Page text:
As for nonliquid refreshment, your choices are many and your difficulty in choosing will be severe. Everything but the tortillas is made on the premises. Tacos, at a mere $1.25, are an easy bet, with your choice of meat (charbroiled steak, Mexican sausage, char-broiled chicken, barbecued pork, and, perhaps slightly less popular with gringos like me, seasoned cow brain and fried pork) wrapped in a tortilla and served with chopped white onions, fresh cilantro, and a mean chile de arbol salsa. (The chile de arbol salsa is not your flimsy garden-variety salsa, stuck together with bits of onion and tomato chunks; it's all about chili peppers. Why bother putting vegetables in your salsa when they're already on the side?)

           Breakfast seems to be served all day, featuring delicious, seasoned messes of scrambled eggs with various ingredients such as ham ($3.50), Mexican sausage ($3.75), and chopped onions, tomatoes, and jalapeño peppers ($3.85), all served with refried beans and rice. My friend's order of huevos a la Oaxaqueña ($3.85)--two eggs over easy with tomatoes, epazote, jalapeño peppers, and garlic sauce--was bitingly delicious, although, personally, all that runny egg yolk makes me queasy. Call it breakfast for those who wake up with a strong stomach.

           My other friend skipped breakfast and shot straight for dinner, relishing every mouthful of his shrimp sautéed in the chile de arbol salsa ($7). Served with rice and refried beans, the whole dish was redolent of garlic. Another favorite is the burrito (a particular favorite of the people who pushed me back to Morelos), a bargain indeed at $2.95. The stuffings include your choice of meat, chopped onions, cilantro, salsa, rice, and refried beans. And the tortas ($2.95) beat a hamburger any day in my book; they consist of your choice of meat (though I found that white cheese substitutes nicely) topped with lettuce, tomato, guacamole, pickled jalapeño peppers, and Mexican cream.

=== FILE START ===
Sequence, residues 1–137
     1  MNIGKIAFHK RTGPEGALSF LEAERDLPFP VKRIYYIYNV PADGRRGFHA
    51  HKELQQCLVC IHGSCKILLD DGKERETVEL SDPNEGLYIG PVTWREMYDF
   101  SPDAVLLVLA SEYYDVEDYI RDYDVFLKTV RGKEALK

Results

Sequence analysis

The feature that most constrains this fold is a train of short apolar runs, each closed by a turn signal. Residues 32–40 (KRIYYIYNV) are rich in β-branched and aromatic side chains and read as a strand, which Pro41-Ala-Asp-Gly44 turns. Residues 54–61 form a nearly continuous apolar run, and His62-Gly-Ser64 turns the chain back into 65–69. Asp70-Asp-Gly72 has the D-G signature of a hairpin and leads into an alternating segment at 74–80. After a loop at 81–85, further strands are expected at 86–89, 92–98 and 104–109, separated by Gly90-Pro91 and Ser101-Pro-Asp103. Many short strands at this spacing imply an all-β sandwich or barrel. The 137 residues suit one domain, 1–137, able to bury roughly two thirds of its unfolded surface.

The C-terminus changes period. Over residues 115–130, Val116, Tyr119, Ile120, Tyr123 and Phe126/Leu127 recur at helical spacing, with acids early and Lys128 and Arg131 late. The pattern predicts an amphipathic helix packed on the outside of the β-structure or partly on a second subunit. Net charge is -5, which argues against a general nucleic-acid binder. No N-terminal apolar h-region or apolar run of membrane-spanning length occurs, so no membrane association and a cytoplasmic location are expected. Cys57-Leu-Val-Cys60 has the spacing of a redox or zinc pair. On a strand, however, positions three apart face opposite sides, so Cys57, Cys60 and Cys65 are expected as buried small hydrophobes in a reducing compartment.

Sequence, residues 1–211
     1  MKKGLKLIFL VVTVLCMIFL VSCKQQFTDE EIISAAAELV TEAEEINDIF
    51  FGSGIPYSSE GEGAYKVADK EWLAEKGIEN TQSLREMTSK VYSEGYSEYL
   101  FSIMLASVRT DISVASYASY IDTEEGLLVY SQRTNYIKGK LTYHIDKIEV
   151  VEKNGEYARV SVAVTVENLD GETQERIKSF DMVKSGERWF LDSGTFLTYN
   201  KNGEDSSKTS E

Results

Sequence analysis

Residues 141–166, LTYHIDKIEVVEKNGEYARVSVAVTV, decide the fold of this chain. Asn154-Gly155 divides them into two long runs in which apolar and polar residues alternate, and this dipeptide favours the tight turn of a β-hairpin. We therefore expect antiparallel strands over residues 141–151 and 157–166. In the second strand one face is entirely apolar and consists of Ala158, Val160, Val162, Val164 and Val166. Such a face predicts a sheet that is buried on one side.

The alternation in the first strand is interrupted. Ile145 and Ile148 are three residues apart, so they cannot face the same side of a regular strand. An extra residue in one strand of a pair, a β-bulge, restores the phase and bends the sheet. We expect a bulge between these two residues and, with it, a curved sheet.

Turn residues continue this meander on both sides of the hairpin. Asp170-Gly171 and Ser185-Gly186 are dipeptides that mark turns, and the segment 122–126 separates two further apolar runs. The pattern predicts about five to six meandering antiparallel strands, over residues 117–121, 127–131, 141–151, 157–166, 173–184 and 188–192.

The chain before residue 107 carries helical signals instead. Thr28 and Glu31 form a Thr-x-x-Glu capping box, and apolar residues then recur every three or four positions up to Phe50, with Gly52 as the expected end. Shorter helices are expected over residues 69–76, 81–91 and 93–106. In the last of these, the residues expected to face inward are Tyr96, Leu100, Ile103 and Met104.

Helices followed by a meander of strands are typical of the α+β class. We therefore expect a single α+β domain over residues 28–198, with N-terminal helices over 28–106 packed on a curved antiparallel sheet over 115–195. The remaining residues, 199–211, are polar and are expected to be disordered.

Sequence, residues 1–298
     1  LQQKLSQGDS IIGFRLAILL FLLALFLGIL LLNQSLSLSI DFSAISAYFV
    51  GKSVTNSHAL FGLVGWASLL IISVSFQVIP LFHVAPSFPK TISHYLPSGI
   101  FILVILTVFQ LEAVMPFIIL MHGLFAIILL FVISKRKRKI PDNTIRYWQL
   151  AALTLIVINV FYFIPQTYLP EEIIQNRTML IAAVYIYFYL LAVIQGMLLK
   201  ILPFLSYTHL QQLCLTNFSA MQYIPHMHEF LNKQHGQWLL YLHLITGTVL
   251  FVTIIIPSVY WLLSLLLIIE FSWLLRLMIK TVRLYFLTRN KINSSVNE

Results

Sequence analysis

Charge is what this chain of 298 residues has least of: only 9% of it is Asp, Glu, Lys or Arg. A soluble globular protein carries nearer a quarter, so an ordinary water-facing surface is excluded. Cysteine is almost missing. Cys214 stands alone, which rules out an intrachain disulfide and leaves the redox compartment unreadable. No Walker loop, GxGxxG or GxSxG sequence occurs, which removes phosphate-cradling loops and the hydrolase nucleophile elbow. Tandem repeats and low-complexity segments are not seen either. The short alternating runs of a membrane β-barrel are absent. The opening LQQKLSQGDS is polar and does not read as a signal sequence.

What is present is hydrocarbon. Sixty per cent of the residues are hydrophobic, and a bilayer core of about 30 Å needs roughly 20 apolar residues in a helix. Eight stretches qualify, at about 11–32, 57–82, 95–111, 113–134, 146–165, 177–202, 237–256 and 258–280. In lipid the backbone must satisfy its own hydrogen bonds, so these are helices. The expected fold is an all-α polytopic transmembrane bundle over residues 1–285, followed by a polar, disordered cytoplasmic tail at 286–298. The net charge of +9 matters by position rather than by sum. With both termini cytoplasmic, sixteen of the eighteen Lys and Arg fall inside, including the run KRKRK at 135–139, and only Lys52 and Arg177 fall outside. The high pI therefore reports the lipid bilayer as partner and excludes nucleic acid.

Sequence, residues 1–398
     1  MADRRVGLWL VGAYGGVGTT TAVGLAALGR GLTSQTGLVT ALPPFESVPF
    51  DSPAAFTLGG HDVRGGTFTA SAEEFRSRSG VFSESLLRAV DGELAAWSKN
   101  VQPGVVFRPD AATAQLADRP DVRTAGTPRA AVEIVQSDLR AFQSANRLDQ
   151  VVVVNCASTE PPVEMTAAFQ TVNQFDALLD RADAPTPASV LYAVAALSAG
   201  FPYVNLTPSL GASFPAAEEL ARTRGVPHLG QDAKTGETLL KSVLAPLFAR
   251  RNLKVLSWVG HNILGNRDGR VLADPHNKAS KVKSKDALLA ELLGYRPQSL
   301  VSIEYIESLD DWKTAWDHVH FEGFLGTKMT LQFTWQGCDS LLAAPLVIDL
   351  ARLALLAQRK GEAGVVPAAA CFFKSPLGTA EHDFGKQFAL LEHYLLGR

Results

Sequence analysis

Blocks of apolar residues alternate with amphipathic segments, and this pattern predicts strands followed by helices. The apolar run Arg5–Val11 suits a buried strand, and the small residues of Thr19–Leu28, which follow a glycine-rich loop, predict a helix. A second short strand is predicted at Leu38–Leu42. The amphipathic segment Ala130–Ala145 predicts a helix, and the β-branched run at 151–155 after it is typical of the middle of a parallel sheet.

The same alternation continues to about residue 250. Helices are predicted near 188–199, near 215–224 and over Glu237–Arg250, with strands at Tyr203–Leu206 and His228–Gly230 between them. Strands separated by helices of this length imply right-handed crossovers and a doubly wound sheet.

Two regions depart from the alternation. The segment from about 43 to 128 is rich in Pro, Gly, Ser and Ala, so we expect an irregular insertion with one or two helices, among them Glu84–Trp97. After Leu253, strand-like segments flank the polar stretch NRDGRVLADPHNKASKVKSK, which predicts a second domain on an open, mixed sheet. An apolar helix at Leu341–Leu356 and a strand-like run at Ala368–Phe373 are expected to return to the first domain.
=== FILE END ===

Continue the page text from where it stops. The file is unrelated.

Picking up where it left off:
If you aren't so hungry, you might be happy to share an appetizer with a friend. The nachos here are unpretentious, happy finger food, heaped randomly and generously with refried beans, cheese, lemony guacamole, and salsa ($3.50). If you like your salads to run more fun than nutritious, you'll like the tostada, a salad of iceberg lettuce, tomato, charbroiled chicken, guacamole, and a heap of sour cream all on a crispy, deep-fried flour tortilla ($3.50). It goes without saying after all this that we certainly weren't in any need of dessert, though if we had been, homemade flan and rice pudding would have been ours for the taking ($1.50 each).

           Taco Morelos does the city a great service by being one of the few kitchens in town open beyond 10 p.m. (it's open till 2 a.m. Friday through Sunday), though before you start ordering, make sure you have the cash in hand; no checks or credit cards are accepted at present.

           TABLEHOPPING